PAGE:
In many states, legislators have proposed a bill to ban vaccine exemptions (Goldstein-Street, 2019). Knowing that herd immunity requires at least 95% vaccine compliance, then working to prevent communities from dipping below that will help prevent the measles epidemics. The delicate balance between personal freedoms and community health is currently being debated state by state.
Helping parents understand the vaccine schedule and catch-up process is helpful. When pediatricians provide the overview schedule of recommended well-child visits, parents can anticipate doctor visits and schedule them accordingly. Having parents schedule the 1-year well-child visit ahead of time is a proactive approach. It is estimated that 1 in 4 children who get measles will be hospitalized and that there is a 90% chance a child without the vaccine will contract the disease. A key fact for parents to know is that measles is preventable.
Making vaccines affordable through insurance—or even free with public assistance programs such as Medicaid—can help decrease the barrier of cost. The Affordable Care Act has made efforts to cover the expense of vaccines for many populations.
The role of all healthcare professionals is to be well-informed about measles and the MMR, and to educate correctly the patients they come in contact with about the value and safety of vaccines. For those who work with vulnerable populations, advocacy for vaccine campaigns can be extremely helpful. The health of our entire American community depends on 95% of herd immunity being vaccinated. Every effort to inform and educate the general public about adherence to these guidelines can make the difference.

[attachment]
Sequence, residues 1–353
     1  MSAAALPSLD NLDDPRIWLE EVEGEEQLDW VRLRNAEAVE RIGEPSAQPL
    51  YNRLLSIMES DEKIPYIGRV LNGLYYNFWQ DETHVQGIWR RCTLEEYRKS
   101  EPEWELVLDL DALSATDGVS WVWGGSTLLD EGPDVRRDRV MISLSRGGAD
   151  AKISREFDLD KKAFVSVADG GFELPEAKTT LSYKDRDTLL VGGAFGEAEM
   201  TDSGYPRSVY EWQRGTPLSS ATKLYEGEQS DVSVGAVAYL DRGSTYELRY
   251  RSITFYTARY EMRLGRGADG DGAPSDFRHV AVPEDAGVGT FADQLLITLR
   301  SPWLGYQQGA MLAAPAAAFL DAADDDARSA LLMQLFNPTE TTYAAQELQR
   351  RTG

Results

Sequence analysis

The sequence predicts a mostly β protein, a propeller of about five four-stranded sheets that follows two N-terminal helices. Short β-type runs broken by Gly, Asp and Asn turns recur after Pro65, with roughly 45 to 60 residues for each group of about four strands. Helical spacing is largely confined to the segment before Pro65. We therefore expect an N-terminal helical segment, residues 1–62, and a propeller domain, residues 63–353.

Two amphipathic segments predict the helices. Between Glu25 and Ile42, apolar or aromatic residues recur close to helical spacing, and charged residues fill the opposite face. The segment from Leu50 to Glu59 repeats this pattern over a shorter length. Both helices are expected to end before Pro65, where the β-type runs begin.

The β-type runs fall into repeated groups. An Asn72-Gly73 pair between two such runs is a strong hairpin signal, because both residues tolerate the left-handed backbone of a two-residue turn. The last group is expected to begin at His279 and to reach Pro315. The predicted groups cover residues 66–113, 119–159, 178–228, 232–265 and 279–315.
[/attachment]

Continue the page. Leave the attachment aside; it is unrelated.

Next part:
Worldwide campaigns are making progress. Formal entities such as the American Red Cross and its counterparts across the world have created initiatives to reach communities far from medical services where they bring the clinics and vaccines to the people.
One organization, UNICEF, tries to partner with governments, private entities, and non-governmental agencies to provide immunizations to communities and families in under-developed countries. In addition to public awareness and education campaigns, their program includes efforts to create partnerships to develop solar power and technology so as to deliver the vaccines protected from extreme temperatures (UNICEF, 2018).
Source: UNICEF, UN0293818/Keïta. Used under UN copyright guidance.
In transient communities of migrant workers, or in Third World nations, parents may work in harsh conditions with their infants strapped to their backs as they work. Their survival is focused on working for food, and infant care is secondary. In a typical scenario of millions of physical laborers worldwide, Ramata, known as a "goldmine woman," scratches the dirt in a goldmine valley all day with her baby strapped to her back (see above photo). Her Mali community was only 47% vaccinated. When UNICEF workers came to her actual worksite to offer free vaccines, she said that was her "greatest treasure of the day."